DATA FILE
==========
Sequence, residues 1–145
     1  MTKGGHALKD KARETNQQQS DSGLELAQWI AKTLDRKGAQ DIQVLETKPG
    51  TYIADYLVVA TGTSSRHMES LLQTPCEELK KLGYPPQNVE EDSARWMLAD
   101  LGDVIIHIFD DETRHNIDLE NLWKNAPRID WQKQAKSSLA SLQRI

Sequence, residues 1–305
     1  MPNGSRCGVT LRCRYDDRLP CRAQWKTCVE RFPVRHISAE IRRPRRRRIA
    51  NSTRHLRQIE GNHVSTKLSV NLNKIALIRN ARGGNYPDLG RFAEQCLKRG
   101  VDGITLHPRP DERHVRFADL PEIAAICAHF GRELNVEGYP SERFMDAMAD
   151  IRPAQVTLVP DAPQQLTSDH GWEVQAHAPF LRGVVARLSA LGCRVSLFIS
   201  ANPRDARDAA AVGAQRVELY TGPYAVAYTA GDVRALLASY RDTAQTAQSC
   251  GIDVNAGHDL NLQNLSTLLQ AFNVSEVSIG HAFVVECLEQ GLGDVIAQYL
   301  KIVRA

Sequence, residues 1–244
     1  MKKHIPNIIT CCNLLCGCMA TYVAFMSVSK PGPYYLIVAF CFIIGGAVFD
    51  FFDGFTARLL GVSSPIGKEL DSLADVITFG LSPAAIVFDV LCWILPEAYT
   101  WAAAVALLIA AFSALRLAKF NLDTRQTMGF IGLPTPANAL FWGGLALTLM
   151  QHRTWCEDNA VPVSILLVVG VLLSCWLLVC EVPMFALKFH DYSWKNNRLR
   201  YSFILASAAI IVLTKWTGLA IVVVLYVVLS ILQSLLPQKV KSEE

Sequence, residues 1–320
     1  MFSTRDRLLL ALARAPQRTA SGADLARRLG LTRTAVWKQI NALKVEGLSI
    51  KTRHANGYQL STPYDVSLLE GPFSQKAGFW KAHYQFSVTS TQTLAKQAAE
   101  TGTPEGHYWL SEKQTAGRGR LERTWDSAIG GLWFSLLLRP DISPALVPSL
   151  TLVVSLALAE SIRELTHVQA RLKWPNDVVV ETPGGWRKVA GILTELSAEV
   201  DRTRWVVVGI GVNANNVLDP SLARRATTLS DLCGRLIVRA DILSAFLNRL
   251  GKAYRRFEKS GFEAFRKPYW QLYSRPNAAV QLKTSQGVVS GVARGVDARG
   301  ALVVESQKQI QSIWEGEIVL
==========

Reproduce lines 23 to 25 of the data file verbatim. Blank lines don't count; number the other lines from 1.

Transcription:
   151  TLVVSLALAE SIRELTHVQA RLKWPNDVVV ETPGGWRKVA GILTELSAEV
   201  DRTRWVVVGI GVNANNVLDP SLARRATTLS DLCGRLIVRA DILSAFLNRL
   251  GKAYRRFEKS GFEAFRKPYW QLYSRPNAAV QLKTSQGVVS GVARGVDARG